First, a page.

Device miniaturisation pushes towards the single-molecule level. Single molecule magnets (SMMs) are molecules presenting a high spin ground state and a high magnetic anisotropy, therefore exhibiting slow relaxation of magnetisation which translates to the occurrence of hysteresis in the magnetisation at low temperature. The ability to retain its magnetic state is the main characteristic of a memory unit, and occurs in SMMs at the single-molecule level. A lot of effort has been dedicated over the past few years to the preparation of new SMMs, trying to push-up their blocking temperatures, with the idea that they might prove useful for data storage or spintronic applications. Before this could happen, it is imperative to check that the properties of the SMMs can be preserved when deposited on a surface. For this reason, we carried out a detailed experimental and theoretical study of the 2D supramolecular organisation on graphite of iPc2Tb, a well known double-decker phthalocyanine Tb(III) complex that exhibits SMM behaviour in the crystalline state.

When drop cast from a toluene solution onto highly-oriented pyrolitic graphite (HOPG), iPc2Tb self-assembles into anisotropic two dimensional nanocrystals one molecule thick and aligned along the graphite symmetry axes, as shown by atomic force microscopy (see Figure 83). This morphology was rationalised by molecular dynamics simulations which provided excellent agreement with the experiment, showing that − after diffusion on the graphite surface − the molecules self-assemble into nanoscopic islands which align preferentially along the three main graphite axes, and in which the molecules lie flat on the surface. These low dimension assemblies of independent magnetic centres are ideal to study the influence of the surface on the properties of those SMMs, since all of the molecules are in interaction with the graphite substrate and could therefore be perturbed by it.

Fig. 83: a) Structure of the iPc2Tb complex, b) AFM image of the rectangular 2D islands formed by drop casting iPc2Tb on HOPG from a toluene solution, and c) self assembled 2D aggregates obtained from the MD simulations.

Due to the very small amount of magnetic material in the sample, the detection of the magnetic properties of the self-assembled bar-shaped islands of iPc2Tb on HOPG was not a trivial experiment, and was made possible by using beamline ID08 to perform X-ray absorption (XAS) and the related magnetic circular dichroism (XMCD) spectroscopy at the M4,5 edge of terbium at low temperature (7 K) and high magnetic field (5 T). We were able to reproduce the experimental spectra by means of multiplet calculations and validate the applicability of sum rules to the present case, which allowed us to determine the orbital and spin moments of the molecules [1]. The comparison of XAS measurements with the spectra simulation as a function of the molecule orientation led us to ascertain the adsorption geometry of the molecules. They lay flat when adsorbed on graphite, as suggested by the microscopy and molecular dynamics results. The magnetisation curves as a function of the applied magnetic field were recorded as well (Figure 84b).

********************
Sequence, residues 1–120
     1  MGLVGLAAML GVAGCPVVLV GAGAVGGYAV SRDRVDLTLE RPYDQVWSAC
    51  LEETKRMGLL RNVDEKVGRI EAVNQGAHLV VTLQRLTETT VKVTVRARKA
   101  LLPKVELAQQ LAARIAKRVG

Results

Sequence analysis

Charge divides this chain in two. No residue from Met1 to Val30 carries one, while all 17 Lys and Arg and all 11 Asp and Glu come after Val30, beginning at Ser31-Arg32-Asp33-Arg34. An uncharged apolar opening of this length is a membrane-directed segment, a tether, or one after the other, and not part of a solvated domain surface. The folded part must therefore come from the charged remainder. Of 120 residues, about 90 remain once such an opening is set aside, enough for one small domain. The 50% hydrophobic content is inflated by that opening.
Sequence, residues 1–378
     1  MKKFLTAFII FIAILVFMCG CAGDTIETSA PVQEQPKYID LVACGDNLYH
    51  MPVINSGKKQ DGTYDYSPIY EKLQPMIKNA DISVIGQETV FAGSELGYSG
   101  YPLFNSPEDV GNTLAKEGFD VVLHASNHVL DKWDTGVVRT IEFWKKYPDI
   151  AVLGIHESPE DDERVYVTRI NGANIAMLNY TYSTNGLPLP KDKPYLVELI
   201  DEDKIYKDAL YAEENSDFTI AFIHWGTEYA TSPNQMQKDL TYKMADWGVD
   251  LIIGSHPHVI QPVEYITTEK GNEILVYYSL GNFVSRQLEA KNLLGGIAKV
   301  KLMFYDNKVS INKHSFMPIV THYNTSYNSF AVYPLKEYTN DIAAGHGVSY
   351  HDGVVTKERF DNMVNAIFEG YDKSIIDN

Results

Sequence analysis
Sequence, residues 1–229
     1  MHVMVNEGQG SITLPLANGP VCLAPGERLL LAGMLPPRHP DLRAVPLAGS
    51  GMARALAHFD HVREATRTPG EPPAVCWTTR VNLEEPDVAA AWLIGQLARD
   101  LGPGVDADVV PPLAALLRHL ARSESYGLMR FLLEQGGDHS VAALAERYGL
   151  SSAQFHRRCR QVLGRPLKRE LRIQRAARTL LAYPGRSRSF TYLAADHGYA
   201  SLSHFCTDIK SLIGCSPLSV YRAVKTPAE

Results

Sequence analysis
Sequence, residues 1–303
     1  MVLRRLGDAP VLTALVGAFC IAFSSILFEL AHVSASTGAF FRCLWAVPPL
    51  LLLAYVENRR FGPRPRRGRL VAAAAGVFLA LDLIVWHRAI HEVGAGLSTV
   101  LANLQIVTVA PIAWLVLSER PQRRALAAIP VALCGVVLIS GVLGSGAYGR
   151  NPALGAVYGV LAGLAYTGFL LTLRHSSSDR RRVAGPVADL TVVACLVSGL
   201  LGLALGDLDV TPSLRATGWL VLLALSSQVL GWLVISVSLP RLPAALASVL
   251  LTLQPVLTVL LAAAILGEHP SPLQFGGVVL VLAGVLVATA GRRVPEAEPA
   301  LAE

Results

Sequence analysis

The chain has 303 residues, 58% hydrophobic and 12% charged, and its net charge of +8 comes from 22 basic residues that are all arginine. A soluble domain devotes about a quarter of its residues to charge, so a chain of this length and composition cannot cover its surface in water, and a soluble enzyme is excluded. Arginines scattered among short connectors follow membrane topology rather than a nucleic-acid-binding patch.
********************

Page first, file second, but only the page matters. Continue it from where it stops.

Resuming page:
Fig. 84: a) Polarised XAS and resulting XMCD spectra and b) XMCD intensity hysteresis loop of the submonolayer samples of iPc2Tb on HOPG at 7 K.

Our experiments showed that the iPc2Tb complexes preserve their spin and orbital moments despite the interaction with the graphite substrate. Furthermore, the magnetisation hysteresis, although slightly narrower, is preserved also at T = 7 K, which was not the case with different substrates. Therefore the iPc2Tb molecules on graphite widely retain their SMM behaviour, demonstrating their potential for future applications in hybrid organic/inorganic spintronic systems when associated with suitable substrates. These results, in particular, pave the way for the use of Pc2Tb compounds with graphene, to prepare novel spintronic devices [2].


Principal publication and authors

M. Gonidec (a,b), R. Biagi (c,d), V. Corradini (d), F. Moro (e), V. De Renzi (c,d), U. del Pennino (c,d), D. Summa (f), L. Muccioli (f), C. Zannoni (f), D.B. Amabilino (a) and J. Veciana (a,b), J. Am. Chem. Soc. 133, 6603–6612 (2011).

(a) Institut de Ciència de Materials de Barcelona (ICMAB-CSIC), Bellaterra (Spain)

(b) Networking Center on Bioengineering, Biomaterials and Nanomedicine (CIBER-BBN), Bellaterra (Spain)

(c) Dipartimento di Fisica, Università di Modena e Reggio Emilia, Modena (Italy)

(d) S3 Istituto Nanoscienze-CNR, Modena (Italy)

(e) School of Chemistry, University of Nottingham (UK)

(f) Dipartimento di Chimica Fisica e Inorganica and INSTM, Università di Bologna (Italy)



[1] R. Biagi, J. Fernandez-Rodriguez, M. Gonidec, A. Mirone, V. Corradini, F. Moro, V. De Renzi, U. del Pennino, J.C. Cezar, D.B. Amabilino and J. Veciana, Phys. Rev. B 82, 224406 (2010).

[2] S.J. Gong, Z.Y. Li, Z.Q. Yang, C. Gong, C.-G. Duan and J.H. Chu, J. Appl. Phys. 110, 043704 (2011).